Different Sperm, Different Story…John Page Burton

There is a great deal of controversy surrounding a group of homeless people who have chosen to take up residency in a park located in the heart of a downtown “sun belt” city. February is one of this cities busiest tourism months and the root concern (Chamber of Commerce) appears to be how this “public display of homelessness” will be “perceived” by “winter visitors”. During a recent television interview, a homeless man offered that “he would prefer to be in a shelter where he and others could sleep on a bed, take a shower and have access to reasonable nutrition”. An advocate for the homeless shared her dilemma of having more homeless people than available shelter space. It is clear that everyone has a different opinion on this situation. Downtown business owners fear that potential customers will be driven away, homeless advocates are expressing a dire need for more shelter space and many of the local politicians appear to be playing to the opinion poll of the day.

I was recently asked my thoughts on the “plight” of the homeless vs the “plight” of the city. I gave it some thought and arrived at this conclusion.

I have never been homeless. I am however, very aware that but for the grace of God, I too could be living on the streets. I live a blessed life where my basic needs are met and I have more than enough to share, which I gladly do. I understand rules and ordinances and I understand the economic impact of tourism. I understand mental illness and what it means to fall on tough times. I am acutely aware that I was born into a stable home and provided a solid educational foundation which I often attribute to the above average opportunities I have enjoyed throughout my lifetime. A different sperm could have produced a much different story. I believe that before we casually and often callously pass judgement on others, we are well served to place ourselves in that person’s shoes. It is not up to me to determine the criteria for what another person’s ideal life circumstances should look like. If someone visiting this city is uncomfortable being around homeless people, it might be wise for them to take a closer look at what they are afraid of. They may be afraid of finding themselves homeless. It is human nature to avoid what we fear. If a homeless “park dweller” causes problems or commits a crime then they should be held to the same standard as anyone else. To conveniently move them to a “back alley” until “the coast is clear” doesn’t seem like a reasonable solution to a bigger problem. As Dr. Wayne Dyer wrote in his book of the same title, “there is a spiritual solution to every problem”. Now might be the time to test this theory.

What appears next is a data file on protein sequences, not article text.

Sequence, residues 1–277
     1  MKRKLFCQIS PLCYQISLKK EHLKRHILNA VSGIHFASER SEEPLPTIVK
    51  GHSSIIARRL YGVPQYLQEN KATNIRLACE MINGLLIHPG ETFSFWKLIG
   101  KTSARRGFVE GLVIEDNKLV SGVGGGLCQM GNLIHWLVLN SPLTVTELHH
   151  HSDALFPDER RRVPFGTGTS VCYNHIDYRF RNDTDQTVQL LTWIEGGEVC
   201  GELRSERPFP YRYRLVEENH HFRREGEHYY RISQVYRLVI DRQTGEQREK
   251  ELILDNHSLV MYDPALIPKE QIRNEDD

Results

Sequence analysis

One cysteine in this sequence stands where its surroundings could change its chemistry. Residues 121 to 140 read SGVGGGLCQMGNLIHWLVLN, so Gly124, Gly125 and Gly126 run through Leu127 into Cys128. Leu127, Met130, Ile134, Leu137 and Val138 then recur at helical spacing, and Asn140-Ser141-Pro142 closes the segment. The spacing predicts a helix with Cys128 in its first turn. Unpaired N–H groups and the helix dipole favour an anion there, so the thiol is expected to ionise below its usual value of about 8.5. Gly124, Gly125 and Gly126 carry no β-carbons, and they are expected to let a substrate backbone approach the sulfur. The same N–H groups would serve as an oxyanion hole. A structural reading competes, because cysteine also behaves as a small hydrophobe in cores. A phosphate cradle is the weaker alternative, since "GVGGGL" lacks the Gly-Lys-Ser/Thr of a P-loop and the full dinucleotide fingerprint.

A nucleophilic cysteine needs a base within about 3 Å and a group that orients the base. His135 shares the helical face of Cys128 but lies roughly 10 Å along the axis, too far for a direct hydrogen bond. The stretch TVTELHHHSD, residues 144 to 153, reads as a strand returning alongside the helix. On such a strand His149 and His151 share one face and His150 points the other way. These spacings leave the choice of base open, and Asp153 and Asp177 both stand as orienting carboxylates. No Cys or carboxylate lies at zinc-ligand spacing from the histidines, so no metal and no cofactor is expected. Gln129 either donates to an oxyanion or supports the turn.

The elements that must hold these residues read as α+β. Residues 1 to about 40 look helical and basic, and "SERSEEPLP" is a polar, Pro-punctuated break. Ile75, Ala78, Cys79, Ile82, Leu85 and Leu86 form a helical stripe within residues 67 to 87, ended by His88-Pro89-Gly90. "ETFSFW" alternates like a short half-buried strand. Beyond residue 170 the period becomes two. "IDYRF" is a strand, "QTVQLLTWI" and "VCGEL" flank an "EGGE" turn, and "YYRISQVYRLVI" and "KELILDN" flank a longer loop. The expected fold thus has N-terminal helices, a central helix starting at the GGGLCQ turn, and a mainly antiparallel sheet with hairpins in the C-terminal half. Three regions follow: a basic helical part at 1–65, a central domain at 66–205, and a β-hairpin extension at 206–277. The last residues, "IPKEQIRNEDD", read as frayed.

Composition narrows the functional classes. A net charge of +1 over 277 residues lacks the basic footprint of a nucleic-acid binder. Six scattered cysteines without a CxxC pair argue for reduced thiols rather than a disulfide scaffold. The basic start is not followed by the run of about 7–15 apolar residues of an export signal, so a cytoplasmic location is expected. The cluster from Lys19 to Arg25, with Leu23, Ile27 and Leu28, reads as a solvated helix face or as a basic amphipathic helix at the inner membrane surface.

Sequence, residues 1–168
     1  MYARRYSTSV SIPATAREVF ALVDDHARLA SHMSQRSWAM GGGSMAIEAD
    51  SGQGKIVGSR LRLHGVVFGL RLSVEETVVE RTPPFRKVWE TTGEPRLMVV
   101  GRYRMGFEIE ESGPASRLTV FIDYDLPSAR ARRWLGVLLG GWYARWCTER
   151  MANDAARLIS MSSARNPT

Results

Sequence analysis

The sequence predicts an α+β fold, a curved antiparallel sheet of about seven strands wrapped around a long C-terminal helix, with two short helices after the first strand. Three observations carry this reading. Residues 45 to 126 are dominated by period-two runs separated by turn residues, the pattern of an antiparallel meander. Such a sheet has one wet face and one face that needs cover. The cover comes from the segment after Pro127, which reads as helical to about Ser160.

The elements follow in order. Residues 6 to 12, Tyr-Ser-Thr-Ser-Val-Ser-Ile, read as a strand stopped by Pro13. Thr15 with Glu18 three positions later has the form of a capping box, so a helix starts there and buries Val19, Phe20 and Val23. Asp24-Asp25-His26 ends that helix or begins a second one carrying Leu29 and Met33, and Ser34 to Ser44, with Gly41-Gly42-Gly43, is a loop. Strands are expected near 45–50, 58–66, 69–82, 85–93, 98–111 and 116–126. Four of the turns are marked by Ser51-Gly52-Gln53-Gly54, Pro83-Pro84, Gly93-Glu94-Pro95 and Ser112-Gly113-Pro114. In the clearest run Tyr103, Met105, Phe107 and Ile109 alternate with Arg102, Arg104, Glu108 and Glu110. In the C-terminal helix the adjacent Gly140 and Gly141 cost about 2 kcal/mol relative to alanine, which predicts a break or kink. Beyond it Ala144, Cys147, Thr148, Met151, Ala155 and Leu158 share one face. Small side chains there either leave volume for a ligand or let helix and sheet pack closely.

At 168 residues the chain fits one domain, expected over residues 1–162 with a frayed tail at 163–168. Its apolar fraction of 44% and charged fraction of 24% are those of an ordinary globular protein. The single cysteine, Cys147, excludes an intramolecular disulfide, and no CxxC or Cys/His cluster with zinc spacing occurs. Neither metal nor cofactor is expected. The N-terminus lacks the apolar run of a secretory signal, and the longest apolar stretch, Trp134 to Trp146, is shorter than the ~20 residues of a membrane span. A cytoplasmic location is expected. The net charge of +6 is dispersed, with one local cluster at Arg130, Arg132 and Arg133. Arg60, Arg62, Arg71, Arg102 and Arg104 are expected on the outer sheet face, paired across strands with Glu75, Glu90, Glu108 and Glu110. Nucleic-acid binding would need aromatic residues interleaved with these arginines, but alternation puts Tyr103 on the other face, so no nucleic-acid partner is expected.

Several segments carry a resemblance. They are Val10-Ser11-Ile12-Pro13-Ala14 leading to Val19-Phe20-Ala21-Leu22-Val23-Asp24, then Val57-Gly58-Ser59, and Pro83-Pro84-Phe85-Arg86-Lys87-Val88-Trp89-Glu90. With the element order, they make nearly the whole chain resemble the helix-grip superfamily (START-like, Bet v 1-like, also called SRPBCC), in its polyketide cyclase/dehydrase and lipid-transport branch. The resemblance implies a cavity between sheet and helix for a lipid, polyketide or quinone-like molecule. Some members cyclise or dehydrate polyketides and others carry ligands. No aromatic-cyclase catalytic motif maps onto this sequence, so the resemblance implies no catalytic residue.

Three things I am taking away from this “controversial” discussion…

Gratitude. I will continue to be thankful for everything I have been blessed with. I will not take anything for granted. “But for the grace of God there go I” is my mantra and it serves to keep me humble and grounded.

Compassion. “What you do for the least of my brothers, you are doing for me” is a reminder to show compassion and concern for those who are less fortunate than I am. We are NOT called to look the other way when we are confronted with the “uncomfortable” we are called to become part of the solution.

Non-judgement. It is easy to pass judgement on others. The challenge is to accept people for who and where they are and to send them prayerful energy. We ALL have a back story, we were ALL born into a family with various forms of dysfunction. None of us chose the sperm cell we rode in on! Different sperm, different story!

Enjoy a compassionate day! As always. I welcome your thoughts and feedback.

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